Washington, DC — For the first time, the U.S. Office of Special Counsel, the federal agency that is supposed to protect whistleblowers and enforce merit rules in the federal civil service, is declining to identify the number of cases where it obtained a favorable outcome. Consequently, it is impossible to tell if anyone is being helped by the agency, according to Public Employees for Environmental Responsibility (PEER), which is calling attention to the discrepancy in the agency’s latest report that was filed last week.
Ironically, the OSC report for Fiscal Year 2005 was compiled pursuant to the Government Performance and Results Act of 1993 but it omits the key measure of its results. The stated rationale for this omission is also puzzling:
“In order to avoid presupposition of the existence of violations, and to eliminate the possibility of creating bias toward prosecuting non-meritorious cases, quantified goals concerning Favorable Actions are not used.”
“This is like a district attorney refusing to say what his conviction rate is for fear of creating bias against criminals,” stated PEER Executive Director Jeff Ruch, whose organization has been critical of the track record of the Bush-appointed Special Counsel Scott Bloch. “Amazingly, Bloch’s 77-page report on his results in the previous year contains almost zero substantive information about what he accomplished.”
Prior OSC reports listed the number of favorable actions, such as re-instatement or reversal of a disciplinary action, including the percentage obtained in whistleblower cases. The numbers of favorable outcomes for complainants, however, showed a dramatic drop-off under Bloch during his first year and are not reported at all in the latest report covering Bloch’s second year in office:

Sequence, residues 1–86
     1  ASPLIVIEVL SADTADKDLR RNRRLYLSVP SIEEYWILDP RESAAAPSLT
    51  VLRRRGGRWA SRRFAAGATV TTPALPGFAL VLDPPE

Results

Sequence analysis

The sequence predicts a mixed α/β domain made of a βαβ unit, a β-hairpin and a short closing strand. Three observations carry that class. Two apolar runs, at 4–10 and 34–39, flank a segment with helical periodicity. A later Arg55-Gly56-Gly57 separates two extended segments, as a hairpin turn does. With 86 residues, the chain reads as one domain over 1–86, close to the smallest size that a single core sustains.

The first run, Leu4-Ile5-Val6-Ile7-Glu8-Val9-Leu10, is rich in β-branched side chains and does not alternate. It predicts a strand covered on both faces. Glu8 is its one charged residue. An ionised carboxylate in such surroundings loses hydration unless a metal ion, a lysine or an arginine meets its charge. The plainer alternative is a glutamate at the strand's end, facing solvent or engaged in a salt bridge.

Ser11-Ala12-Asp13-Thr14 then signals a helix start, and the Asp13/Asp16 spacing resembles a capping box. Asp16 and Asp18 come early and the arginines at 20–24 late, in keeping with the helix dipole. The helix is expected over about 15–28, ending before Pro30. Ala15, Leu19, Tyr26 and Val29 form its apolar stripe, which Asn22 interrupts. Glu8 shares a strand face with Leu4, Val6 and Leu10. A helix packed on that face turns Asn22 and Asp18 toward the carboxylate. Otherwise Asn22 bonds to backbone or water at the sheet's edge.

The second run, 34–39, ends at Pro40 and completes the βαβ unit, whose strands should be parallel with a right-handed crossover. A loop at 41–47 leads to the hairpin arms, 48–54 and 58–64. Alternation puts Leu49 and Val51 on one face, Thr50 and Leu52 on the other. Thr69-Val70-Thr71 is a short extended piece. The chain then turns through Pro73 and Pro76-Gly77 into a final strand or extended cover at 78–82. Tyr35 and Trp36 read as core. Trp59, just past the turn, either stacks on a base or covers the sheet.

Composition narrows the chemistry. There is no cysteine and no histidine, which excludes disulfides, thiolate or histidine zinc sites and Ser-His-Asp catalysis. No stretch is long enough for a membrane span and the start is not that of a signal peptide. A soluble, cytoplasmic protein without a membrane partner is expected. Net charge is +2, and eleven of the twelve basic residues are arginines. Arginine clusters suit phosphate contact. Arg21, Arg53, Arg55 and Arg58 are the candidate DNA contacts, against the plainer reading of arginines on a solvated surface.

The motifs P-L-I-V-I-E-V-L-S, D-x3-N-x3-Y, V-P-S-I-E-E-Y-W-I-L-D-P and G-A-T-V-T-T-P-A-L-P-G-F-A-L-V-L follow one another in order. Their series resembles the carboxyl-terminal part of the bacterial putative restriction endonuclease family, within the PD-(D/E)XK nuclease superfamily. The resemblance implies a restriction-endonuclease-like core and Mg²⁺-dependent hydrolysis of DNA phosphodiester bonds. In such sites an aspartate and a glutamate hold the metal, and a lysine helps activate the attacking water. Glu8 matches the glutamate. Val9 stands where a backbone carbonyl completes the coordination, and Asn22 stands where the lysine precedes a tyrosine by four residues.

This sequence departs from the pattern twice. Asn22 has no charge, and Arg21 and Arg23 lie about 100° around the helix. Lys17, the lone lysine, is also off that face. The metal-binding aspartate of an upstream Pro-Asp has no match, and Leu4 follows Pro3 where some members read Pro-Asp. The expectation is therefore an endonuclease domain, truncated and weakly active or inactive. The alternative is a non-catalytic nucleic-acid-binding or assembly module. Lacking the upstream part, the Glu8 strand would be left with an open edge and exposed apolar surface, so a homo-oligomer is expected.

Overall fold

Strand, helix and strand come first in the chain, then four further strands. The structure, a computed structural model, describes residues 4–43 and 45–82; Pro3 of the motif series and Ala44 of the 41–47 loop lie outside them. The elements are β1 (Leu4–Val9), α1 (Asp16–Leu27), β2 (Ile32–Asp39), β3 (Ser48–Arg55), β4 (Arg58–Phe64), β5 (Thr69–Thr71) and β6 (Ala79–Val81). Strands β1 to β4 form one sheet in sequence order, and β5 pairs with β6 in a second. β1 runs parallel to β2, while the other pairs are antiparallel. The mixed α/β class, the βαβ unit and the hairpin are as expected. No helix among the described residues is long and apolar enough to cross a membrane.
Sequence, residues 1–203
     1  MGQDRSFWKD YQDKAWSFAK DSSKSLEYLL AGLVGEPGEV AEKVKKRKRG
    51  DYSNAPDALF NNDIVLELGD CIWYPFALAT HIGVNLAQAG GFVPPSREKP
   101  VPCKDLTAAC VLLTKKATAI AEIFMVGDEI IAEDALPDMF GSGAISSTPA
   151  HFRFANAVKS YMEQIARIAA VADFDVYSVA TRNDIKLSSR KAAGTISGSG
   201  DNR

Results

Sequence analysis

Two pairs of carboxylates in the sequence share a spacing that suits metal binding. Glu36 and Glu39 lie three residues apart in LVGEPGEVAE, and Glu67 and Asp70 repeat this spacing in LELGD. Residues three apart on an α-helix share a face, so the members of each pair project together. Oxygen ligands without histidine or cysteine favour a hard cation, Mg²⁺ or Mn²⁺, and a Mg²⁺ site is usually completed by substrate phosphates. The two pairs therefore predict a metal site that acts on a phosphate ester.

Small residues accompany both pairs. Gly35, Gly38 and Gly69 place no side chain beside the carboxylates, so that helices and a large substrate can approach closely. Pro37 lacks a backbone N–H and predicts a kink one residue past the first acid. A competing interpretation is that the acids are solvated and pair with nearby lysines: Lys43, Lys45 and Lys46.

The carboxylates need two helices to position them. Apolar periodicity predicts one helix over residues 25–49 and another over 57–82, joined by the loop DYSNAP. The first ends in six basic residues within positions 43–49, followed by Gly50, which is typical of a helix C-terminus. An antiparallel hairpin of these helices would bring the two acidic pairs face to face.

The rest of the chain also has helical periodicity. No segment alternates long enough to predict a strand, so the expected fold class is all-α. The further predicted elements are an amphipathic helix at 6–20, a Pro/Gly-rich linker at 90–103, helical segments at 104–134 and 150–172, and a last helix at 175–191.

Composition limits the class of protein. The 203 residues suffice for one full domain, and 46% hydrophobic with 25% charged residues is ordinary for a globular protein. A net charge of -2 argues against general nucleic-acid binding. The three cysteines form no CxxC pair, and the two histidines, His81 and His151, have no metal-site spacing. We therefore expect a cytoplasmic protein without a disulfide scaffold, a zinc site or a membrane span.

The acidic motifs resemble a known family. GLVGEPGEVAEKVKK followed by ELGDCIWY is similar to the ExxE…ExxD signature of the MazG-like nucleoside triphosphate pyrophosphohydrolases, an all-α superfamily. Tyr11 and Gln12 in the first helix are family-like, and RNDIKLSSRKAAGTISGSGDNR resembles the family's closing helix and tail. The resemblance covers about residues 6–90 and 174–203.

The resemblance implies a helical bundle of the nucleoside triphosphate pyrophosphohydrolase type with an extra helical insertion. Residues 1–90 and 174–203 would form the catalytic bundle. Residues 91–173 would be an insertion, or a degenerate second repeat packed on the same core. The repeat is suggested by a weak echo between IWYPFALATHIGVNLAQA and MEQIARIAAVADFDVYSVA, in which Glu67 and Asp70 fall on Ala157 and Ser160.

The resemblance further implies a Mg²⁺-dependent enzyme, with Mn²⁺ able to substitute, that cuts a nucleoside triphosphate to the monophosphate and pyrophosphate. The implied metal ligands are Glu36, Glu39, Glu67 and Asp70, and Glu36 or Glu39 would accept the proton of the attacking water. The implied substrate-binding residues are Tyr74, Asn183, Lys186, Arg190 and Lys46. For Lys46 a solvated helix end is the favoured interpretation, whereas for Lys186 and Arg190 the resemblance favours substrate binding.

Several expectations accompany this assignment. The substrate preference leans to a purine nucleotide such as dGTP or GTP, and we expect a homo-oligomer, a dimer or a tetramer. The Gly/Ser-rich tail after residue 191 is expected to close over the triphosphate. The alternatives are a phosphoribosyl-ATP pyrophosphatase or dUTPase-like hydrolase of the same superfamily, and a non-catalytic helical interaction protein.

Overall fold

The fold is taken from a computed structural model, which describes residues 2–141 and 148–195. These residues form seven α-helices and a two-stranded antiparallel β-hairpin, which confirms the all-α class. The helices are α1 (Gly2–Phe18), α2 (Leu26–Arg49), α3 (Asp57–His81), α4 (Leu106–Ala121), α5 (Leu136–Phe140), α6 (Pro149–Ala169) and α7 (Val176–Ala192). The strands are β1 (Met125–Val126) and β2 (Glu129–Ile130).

- In 2002, OSC achieved “126 favorable actions, including 13 disciplinary actions [against officials who were found to have taken illegal personnel actions];”
- In 2003, OSC reported “115 favorable actions (including 12 disciplinary actions)”; and
- In 2004, Bloch’s first year, OSC reached only “68 favorable actions” including only 10 disciplinary actions.
“Given his disastrous trend, no wonder Scott Bloch wants to stop releasing actual numbers,” Ruch added, pointing to record numbers of federal employees who are blowing the whistle since George W. Bush became president but with diminishing results produced by the Office of Special Counsel in these cases.
Bloch has also stopped reporting numbers for successful mediation outcomes. Last year, Bloch forced the head of the highly-regarded Mediation Unit to resign to avoid a forced relocation to an office in Detroit that Bloch attempted to create. The Detroit office fiasco is just one of several Bloch missteps that are part of a retaliation complaint filed by remaining OSC employees against Bloch.
The Government Performance and Results Act of 1993 (also known as GPRA) was a Newt Gingrich-era “reform” that was supposed to hold “federal agency agencies accountable for achieving program results,” according to its preamble. In reality, the annual reports have become meaningless paper exercises that are rarely used in the shrinking number of Congressional oversight hearings.
“As Scott Bloch has proven, an agency can file a tuna sandwich as its GPRA report and nothing will happen,” Ruch concluded.